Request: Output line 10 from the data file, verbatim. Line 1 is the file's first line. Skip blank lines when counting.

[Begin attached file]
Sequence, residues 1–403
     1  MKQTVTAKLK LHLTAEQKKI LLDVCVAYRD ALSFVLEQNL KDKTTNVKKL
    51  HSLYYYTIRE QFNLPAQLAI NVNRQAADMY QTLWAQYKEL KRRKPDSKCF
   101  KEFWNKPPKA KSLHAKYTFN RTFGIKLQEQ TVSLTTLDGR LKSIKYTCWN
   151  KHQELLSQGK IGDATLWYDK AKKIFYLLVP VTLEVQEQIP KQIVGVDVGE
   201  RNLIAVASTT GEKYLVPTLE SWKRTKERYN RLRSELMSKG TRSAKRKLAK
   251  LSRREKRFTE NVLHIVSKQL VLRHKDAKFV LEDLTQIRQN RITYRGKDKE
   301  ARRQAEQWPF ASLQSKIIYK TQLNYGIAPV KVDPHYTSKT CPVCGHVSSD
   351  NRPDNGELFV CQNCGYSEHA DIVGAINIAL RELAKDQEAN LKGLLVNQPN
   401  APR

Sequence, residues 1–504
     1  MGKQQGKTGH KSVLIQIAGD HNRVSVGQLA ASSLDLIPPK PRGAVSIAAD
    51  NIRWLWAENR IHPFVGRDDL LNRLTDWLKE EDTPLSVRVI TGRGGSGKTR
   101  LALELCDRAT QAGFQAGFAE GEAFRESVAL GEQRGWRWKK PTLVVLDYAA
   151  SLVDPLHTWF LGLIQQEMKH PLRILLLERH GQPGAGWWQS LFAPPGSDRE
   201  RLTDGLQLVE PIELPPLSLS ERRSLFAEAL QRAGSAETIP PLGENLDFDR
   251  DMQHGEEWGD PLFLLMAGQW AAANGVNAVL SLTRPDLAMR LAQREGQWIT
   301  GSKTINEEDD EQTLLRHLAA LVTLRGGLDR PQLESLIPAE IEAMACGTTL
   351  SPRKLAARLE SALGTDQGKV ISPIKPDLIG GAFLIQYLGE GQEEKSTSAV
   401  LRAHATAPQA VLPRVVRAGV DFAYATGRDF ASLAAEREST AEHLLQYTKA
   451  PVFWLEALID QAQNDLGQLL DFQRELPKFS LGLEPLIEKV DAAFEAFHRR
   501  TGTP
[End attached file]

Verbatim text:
   401  APR